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Rye products trump wheat in terms of weight loss, study finds

However, experts say different people should still expect varying results

Whole grain rye bread with seeds
Photo (c) Arx0nt - Getty Images
Many consumers try to steer clear of processed foods by opting for whole-grain options when trying to make healthier choices. Now, a new study conducted by researchers from Chalmers University of Technology found that rye is better than wheat when it comes to choosing the best grain for weight loss.  

“The results were clear -- the participants who received rye products lost more weight overall, and their levels of body fat decreased compared to those who received wheat products,” said researcher Kia Nøhr Iversen. “As we continue to look for the exact reasons why, our advice is to choose the rye bread instead of the sifted wheat bread.” 

Making healthier choices

The researchers had over 240 overweight men and women, ranging in age from 30 to 70, involved in the study. For 12 weeks, the participants were eating the same quantities of either whole grain rye or refined wheat products. They also received dietary advice from a nutritionist and underwent evaluations twice over the course of the study. 

Ultimately, all of the participants lost weight by the end of the study. However, those who ate rye products lost more weight and more body fat than those who ate the wheat products; weight loss was more than one kilogram higher for the group who ate rye products.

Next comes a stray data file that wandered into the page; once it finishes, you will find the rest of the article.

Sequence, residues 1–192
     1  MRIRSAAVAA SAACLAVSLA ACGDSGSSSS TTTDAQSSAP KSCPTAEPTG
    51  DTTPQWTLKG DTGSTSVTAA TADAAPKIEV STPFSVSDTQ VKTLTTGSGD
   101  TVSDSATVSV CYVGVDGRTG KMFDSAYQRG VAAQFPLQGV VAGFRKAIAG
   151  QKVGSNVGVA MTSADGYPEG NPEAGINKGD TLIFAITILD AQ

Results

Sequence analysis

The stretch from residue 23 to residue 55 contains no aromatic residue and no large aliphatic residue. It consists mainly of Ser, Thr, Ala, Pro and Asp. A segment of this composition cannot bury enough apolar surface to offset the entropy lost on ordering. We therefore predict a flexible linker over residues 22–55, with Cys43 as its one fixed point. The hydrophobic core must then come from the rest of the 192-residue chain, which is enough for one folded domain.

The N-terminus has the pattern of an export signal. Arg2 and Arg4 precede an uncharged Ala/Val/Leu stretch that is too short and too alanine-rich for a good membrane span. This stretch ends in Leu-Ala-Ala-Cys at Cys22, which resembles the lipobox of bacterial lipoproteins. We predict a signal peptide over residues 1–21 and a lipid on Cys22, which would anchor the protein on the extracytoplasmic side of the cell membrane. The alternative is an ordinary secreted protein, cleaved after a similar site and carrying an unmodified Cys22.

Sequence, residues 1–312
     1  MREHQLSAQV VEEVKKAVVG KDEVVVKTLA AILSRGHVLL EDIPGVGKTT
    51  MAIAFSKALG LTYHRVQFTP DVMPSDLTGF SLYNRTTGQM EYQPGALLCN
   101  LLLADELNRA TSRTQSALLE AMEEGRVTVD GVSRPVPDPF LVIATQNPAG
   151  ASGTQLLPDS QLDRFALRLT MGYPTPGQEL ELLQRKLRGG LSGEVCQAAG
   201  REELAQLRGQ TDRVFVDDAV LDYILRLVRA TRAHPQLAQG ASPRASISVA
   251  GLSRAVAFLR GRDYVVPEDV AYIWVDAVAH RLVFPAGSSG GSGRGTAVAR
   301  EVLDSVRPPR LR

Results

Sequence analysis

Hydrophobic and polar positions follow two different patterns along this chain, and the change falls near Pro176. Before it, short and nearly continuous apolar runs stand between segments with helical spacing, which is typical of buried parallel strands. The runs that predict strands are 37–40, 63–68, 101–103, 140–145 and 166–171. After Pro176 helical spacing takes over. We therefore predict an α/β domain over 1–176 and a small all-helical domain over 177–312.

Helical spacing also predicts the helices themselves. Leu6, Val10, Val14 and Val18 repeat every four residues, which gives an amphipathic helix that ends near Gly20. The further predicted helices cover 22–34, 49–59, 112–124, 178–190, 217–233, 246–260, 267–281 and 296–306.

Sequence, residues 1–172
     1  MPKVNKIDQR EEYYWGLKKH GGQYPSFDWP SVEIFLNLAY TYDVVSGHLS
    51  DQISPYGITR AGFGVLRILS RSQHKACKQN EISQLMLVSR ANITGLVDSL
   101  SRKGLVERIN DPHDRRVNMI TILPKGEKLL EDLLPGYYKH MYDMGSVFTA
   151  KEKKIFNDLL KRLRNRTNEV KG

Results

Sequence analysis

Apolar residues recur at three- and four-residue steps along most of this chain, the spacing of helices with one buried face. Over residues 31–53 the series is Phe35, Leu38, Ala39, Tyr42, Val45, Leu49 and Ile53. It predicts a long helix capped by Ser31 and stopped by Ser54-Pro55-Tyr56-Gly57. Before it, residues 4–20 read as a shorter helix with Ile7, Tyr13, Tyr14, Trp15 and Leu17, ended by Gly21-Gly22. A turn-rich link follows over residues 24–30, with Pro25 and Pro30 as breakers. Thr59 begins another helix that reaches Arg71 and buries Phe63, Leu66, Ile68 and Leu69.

The researchers believe rye was better for weight loss because products with this type of grain tend to help keep consumers more full. That’s because there are higher levels of fiber in whole grain rye products that help moderate appetite. 

Every person’s body is different

While rye grain was linked to greater weight loss overall, the researchers found that there was a big disparity among the participants in each group when it came to how their bodies reacted to either rye or wheat. They say this could be because of the differences in gut bacteria among all of the participants, but the team plans to do more work to better understand why these disparities exist. 

“Although we saw an overall difference in weight loss between the rye and the wheat group, there was also very large variation within those groups,” said researcher Rikard Landberg. “Increasing our understanding of why different people respond differently to the same foods can pave the way for more specifically tailored diets based on individual needs. We are currently investigating whether certain specific bacteria in the intestine might be the explanation behind why some people lost more weight than others who were also on the rye diet.” 

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